The goal of surgery is to redirect pulmonary vein flow entirely to the left atrium. In patients with a supracardiac or infracardiac connection, the common pulmonary vein is opened wide and connected side to side to the left atrium. The foramen ovale is closed, and the ascending or descending vein is usually ligated. In a cardiac connection (to right atrium or coronary sinus), the atrial septum is resected partially and a new septum is surgically created, directing pulmonary veins to the left atrium. A coronary sinus may be separately tunneled to the right atrium or left to drain with the pulmonary veins to the left atrium.

 

Medication

Medication Summary

Newborns or patients in early infancy with obstructed total anomalous pulmonary venous connection (TAPVC) frequently have pulmonary edema with varying degrees of increase in pulmonary arterial and venous resistance. Pulmonary edema is probably treated best with surgical relief of the pulmonary venous obstruction, but diuretics and assisted ventilation with high fraction of inspired oxygen (FIO2) and end-expiratory pressure are often helpful preoperatively and postoperatively.

Pulmonary Vasodilators

Class Summary

When sustained severe cyanosis or severe hypercyanotic episodes occur in patients with obstructed total anomalous pulmonary venous connection postoperatively, treatment with one or more pulmonary vasodilators may be helpful. The pulmonary vascular bed may be somewhat reactive in the postoperative period, resulting in episodic pulmonary hypertension and low cardiac output. Although this should improve over time, interim therapy with pulmonary vasodilator agents may be useful in this setting. Vasodilators that are specific for the pulmonary vasculature are rare; however, inhaled nitric oxide may be a good agent in this setting. Therefore, the following 3 vasodilators can be used to treat elevated pulmonary vascular resistance in the postoperative period. Note that this therapy is controversial in the preoperative patient with known pulmonary venous obstruction.

Nitric oxide, inhaled (INOmax)

Stimulates guanylate cyclase to form cyclic GMP, which causes relaxation of vascular smooth muscle.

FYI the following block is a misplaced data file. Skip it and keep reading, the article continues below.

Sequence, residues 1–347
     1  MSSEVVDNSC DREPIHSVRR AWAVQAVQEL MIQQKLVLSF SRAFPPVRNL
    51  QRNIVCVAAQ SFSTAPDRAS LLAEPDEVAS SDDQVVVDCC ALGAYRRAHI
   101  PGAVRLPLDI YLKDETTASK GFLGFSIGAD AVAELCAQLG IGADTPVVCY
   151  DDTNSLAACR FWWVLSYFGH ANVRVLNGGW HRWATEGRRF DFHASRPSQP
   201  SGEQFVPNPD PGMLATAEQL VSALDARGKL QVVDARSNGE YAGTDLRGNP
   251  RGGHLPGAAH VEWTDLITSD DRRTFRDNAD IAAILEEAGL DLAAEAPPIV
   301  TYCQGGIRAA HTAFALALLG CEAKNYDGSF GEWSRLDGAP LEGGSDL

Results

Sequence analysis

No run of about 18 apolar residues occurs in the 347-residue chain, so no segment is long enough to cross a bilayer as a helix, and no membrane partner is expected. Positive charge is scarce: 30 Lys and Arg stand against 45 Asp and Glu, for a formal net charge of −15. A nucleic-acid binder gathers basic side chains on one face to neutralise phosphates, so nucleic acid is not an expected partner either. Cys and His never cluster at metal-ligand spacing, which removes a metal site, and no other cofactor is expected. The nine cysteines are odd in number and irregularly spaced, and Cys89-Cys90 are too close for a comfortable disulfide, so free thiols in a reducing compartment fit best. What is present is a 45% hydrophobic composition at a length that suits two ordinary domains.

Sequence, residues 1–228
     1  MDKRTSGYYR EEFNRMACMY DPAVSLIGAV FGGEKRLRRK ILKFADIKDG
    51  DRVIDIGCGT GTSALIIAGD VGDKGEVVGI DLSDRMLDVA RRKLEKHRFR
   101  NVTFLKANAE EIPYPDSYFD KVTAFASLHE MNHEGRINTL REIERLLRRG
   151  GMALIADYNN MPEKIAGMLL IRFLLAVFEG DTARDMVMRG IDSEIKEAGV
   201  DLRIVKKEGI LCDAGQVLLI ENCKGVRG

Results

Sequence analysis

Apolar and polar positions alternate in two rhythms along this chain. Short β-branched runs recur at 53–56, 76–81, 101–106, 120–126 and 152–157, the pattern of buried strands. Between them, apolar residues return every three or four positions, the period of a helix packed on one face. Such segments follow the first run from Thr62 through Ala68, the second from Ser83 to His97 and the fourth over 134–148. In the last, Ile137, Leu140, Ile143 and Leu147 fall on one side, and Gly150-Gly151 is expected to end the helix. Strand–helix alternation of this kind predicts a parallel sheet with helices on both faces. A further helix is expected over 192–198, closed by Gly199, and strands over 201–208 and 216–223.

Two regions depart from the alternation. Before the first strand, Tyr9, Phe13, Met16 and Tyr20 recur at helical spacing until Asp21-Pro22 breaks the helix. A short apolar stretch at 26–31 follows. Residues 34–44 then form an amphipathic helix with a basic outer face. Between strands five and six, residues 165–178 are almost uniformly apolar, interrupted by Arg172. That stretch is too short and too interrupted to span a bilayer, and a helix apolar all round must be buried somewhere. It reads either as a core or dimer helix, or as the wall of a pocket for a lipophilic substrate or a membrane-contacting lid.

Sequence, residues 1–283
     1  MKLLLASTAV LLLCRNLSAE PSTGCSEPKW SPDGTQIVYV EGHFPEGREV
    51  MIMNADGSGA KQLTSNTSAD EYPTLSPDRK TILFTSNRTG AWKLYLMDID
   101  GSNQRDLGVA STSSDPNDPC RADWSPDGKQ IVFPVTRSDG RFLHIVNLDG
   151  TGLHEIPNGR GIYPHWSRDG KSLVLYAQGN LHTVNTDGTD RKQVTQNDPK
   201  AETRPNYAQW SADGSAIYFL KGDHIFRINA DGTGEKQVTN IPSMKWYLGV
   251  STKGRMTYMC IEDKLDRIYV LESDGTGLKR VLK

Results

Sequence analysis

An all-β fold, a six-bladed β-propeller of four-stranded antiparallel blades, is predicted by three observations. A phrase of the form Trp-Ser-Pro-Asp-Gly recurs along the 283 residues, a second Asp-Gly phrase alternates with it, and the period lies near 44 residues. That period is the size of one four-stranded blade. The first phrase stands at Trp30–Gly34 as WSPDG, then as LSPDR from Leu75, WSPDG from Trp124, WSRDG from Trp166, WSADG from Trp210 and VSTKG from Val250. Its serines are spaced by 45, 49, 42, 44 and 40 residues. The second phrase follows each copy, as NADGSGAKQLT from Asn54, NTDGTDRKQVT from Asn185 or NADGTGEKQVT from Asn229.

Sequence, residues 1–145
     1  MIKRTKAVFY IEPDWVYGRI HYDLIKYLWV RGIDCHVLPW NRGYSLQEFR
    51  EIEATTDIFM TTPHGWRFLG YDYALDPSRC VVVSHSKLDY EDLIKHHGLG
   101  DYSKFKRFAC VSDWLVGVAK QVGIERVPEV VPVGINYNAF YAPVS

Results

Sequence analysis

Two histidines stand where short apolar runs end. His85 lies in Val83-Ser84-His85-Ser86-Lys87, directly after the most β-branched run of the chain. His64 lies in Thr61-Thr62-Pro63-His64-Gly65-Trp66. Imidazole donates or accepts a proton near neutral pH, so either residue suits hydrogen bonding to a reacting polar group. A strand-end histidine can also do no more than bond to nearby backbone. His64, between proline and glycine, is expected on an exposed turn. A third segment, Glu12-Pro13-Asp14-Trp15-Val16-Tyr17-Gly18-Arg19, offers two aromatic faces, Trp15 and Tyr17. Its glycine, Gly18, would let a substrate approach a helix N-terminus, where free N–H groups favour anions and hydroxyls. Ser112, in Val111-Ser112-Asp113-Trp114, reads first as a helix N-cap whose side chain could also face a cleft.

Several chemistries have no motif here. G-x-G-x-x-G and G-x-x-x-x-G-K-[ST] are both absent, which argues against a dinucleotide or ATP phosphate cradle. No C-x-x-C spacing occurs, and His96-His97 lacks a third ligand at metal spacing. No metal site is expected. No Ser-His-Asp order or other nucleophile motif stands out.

Because it can be delivered by inhalation directly to alveolar units and is rapidly inactivated by hemoglobin, it is the most selective of currently available pulmonary vascular dilators (except for oxygen). Requires an inhalation delivery system (not available everywhere); approved for use in children in December 1999.

Magnesium sulfate

Reportedly useful in patients with obstructed TAPVC who have hypercyanotic episodes to decrease pulmonary vascular resistance and decrease pulmonary vascular reactivity. Mechanism of action is believed to be direct action on vascular muscle cells but may also increase formation or release of NO. MgSO4 has systemic and pulmonary vascular dilating effects, and use of a slow infusion of lower-dose MgSO4 is wise to avoid systemic hypotension.

Alprostadil IV (Prostin VR)

Prostaglandin E1 (PGE1) that causes dilation of vascular smooth muscle in the ductus arteriosus, systemic arteries, and pulmonary vascular muscles. In obstructed TAPVC, PGE1 is usually used as a pulmonary vascular dilator, but its effects on the ductus arteriosus and ductus venosus can be very important (eg, in subdiaphragmatic connection, PGE1 can help dilate the ductus venosus and improve pulmonary venous flow. In other types of connection with obstruction, PGE1 can dilate pulmonary arteries and increase pulmonary flow or dilate the ductus arteriosus and systemic arteries and increase right-to-left shunting and worsen cyanosis). PGE1 is readily available and easily administered, preferably via a large vessel. Care must be taken to observe its effects in the complex circulation of TAPVC.

Each 1-mL ampule contains 500 mcg/mL.